Saturday 12 November 2022


Complicated, complex and indulgent are all criticisms that have been levelled at music of a progressive nature, or as we have come to call it prog, and in many respects those criticisms have been justified. In fact, it was because of these reasons, and a few others, that prog crashed and burned in the late 70's and allowed punk rock to get its foot in the door, kids were bored rigid with mind-scrambling concepts, twenty-minute organ/synthesiser solos and lyrics you needed a PhD to understand. However, prog is a resilient beast and never fully went away and has, over the last few decades or so, been slowly clawing its way out of the shadows and back into our lives.

YURT are Andrew Bushe (drums); Steven Anderson (guitars/vocals/electronics) and Boz Mugabe (bass/vocals/electronics), otherwise known as the "Sonic Elders of YURT", the music they make IS complicated and complex and IS on occasions indulgent, but weirdly that is also its beauty. YURT are not prog in any traditional musical sense of the word, yes, they do draw their influences from some of the same wells that the likes of Yes, Dream Theater and Opeth drew inspiration from, but they also do not ignore the rock'n'roll basics either, they are a band who are just as likely to jam on riff as they are to experiment with a convoluted chord progression, as their fifth album "V-Upgrade to Obselete" will attest to.

 Opening number "Paralyse" begins in classic YURT style with shimmering drones, electronic beeps and whirls and robotic voicings (played at a variety of speeds) then slams into a strident and angular groove, decorated in effect laden guitar textures, driven by low heavy bass and a whirlwind of percussion. The song shapeshifts through a myriad of changes in tempo, volume and dynamics over its twelve minutes plus duration but probably it will be the section where the vocals first come in that will stick in many listeners minds the most, a section that gives a hint that some members in the band may have possibly been listening to their fair share of early Hawkwind of late. Title track "Upgrade to Obsolete" looms into earshot next, a superbly busy tome, packed solid with unexpected flourishes, textures and colours, that is anchored strongly to the ground by a surprisingly funky bass line, and if you thought that was busy wait till "The Book of Esophagus" hits your aural canals, its fusion of swirling space rock and free-form jazz may on the face of it seem to be going in a hundred different directions at once, with bursts of saxophone, guitar and electronic noise constantly battling for supremacy but is, underneath it all, rhythmically quite straightforward and tight. "Breakfast in Aksum" then follows, a song that is probably the closest YURT come to laying down something resembling traditional prog on this album, Anderson channelling a little Steve Howe (YES) complexity into his guitar playing while Mugabe and Bushe concentrate on supplying the songs jagged and turbulent groove, of course this being YURT they could not possibly allow a song to end much the same way it started and so they close the song out in maelstrom of swirling, fizzing  dissonant noise. "The Brand Evangelist" sees those monotonic Hawkwind-esque lead vocals and harmonies rear their head once again, but this time backed by a musical backdrop that has a surprising dank and doomic quality. "Mukbang" finally brings things to a close and is a song that throws everything into the pot at once, old and new school prog, space rock, heavy psych, a little doom, you can also hear shades of Hawkwind and Ozric Tentacles as well as YES, Floyd and Dream Theater and even  touches of Kraftwerk and CAN, all these different elements and influences spinning and weaving around each other to create a melting pot of sound that you won't want to end but ultimately has to.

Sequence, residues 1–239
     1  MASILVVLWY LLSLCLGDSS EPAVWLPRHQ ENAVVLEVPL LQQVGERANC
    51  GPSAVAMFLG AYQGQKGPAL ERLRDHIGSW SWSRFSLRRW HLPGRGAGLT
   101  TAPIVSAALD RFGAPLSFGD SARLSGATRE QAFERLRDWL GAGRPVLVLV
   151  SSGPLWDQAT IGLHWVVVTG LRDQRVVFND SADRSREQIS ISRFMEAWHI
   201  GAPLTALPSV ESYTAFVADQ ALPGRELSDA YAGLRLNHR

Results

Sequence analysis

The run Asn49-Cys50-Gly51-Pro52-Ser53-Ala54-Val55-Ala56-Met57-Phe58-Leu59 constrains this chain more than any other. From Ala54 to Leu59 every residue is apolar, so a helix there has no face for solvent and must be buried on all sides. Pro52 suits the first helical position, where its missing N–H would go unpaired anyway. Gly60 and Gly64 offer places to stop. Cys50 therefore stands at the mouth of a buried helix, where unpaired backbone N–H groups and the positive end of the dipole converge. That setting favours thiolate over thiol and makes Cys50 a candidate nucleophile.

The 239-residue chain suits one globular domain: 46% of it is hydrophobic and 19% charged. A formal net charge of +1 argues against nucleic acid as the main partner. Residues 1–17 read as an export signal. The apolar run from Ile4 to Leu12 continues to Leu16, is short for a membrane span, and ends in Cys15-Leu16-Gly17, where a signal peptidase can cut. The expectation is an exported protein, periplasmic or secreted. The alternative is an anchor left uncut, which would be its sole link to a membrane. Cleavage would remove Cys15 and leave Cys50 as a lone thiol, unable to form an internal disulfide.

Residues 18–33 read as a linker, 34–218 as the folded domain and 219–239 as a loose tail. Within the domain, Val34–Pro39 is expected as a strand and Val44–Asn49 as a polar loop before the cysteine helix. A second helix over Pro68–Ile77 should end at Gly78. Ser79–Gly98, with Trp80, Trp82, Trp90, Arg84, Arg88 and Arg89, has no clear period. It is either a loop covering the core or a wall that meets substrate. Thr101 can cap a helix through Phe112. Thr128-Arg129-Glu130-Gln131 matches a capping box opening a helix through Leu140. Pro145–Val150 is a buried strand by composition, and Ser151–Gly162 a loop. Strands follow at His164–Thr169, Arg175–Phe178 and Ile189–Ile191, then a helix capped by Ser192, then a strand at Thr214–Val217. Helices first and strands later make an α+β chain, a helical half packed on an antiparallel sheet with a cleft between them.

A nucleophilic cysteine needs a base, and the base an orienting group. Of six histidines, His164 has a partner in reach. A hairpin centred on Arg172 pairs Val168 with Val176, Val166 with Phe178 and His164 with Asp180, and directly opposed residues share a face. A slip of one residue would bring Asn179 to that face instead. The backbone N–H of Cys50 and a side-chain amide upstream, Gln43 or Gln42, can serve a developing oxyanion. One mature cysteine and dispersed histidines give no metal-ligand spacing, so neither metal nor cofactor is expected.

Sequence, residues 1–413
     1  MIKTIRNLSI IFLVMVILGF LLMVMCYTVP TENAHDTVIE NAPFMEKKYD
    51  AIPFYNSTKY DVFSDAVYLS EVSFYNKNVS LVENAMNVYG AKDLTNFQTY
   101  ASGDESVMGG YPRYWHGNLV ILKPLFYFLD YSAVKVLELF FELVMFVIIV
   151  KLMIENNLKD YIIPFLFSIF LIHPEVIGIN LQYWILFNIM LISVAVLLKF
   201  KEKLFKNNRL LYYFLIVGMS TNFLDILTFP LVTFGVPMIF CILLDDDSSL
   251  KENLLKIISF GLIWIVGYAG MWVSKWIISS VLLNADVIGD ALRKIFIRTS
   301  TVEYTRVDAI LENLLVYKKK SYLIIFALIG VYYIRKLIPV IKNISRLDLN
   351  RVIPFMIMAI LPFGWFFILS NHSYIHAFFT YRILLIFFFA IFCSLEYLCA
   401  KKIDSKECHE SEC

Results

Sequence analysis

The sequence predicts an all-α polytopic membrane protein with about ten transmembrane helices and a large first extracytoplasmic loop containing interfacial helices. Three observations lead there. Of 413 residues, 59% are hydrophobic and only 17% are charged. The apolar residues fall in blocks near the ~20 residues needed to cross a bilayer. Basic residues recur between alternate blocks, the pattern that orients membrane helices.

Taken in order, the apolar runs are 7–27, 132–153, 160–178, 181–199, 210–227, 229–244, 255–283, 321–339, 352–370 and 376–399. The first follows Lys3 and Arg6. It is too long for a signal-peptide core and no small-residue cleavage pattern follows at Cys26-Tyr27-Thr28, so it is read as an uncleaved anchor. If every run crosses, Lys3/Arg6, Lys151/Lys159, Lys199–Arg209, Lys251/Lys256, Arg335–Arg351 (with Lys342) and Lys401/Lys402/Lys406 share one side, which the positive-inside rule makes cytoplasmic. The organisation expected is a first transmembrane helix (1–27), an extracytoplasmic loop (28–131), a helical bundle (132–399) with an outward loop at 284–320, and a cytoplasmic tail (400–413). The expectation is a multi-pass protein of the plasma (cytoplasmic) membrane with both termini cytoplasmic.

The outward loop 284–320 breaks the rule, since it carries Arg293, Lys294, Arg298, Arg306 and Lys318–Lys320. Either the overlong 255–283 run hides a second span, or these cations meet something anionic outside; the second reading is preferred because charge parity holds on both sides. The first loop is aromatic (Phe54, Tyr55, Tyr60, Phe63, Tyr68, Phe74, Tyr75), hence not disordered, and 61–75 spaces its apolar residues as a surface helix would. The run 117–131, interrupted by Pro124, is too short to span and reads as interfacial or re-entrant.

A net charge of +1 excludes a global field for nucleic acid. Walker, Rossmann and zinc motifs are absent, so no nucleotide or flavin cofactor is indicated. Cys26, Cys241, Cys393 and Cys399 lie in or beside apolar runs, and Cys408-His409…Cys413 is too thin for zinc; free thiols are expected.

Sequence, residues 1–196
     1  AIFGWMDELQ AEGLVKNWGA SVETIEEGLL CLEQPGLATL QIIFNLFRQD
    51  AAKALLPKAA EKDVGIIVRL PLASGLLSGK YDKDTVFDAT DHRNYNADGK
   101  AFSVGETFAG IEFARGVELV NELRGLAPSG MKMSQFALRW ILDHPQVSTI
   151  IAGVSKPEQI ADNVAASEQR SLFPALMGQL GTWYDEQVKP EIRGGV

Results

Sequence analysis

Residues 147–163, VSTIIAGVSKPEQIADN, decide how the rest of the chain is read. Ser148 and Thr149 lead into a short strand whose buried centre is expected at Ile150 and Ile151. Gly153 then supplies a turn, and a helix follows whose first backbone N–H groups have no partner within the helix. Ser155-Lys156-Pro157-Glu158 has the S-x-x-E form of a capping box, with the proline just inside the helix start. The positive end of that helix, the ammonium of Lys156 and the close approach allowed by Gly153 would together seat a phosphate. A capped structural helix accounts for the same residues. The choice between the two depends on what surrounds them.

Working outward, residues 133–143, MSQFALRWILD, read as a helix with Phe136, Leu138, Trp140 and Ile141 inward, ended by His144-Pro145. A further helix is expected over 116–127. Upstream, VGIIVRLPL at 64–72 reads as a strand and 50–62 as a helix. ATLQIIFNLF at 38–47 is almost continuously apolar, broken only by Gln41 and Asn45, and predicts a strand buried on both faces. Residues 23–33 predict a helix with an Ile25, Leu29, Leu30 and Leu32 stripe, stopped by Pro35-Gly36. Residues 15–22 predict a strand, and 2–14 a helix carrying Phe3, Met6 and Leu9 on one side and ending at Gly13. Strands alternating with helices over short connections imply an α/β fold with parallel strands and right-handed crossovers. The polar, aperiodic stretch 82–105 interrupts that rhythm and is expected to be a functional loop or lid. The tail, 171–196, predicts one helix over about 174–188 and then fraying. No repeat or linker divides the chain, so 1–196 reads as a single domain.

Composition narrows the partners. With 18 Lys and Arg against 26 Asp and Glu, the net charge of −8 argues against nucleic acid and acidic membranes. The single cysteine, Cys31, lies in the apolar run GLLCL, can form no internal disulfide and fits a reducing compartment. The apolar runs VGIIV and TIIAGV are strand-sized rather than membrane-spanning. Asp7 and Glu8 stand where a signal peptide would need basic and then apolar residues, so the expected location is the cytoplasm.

Exceptional from start to finish "V-Upgrade to Obsolete" is progressive rock how we always hoped it would sound, complex, intricate and dynamic but at the same time not so far up its lowest orifice that you end up turning it off and moving on to something less taxing and confusing. Dubbing YURT's latest album as mind-blowing seems like a bit of a cliche but that is exactly what it is. YURT make music that is uncompromising, angular and experimental but is at the same time accessible and does not require any overthinking on the part of the listener, of course the band want to impress you with their musicianship and arrangement skills but at the same time they do not want you to feel like you have to understand music theory to enjoy what they do. There is a flow to YURT's music, albeit one that twists and turns with alarming regularity, that despite its numerous intricacies and complexities is easy on the ear and doesn't feel like you are wading through a mire of egotistical showmanship, each participant playing for the song instead of despite of it. 
Check it out ....

  © 2022 Frazer Jones

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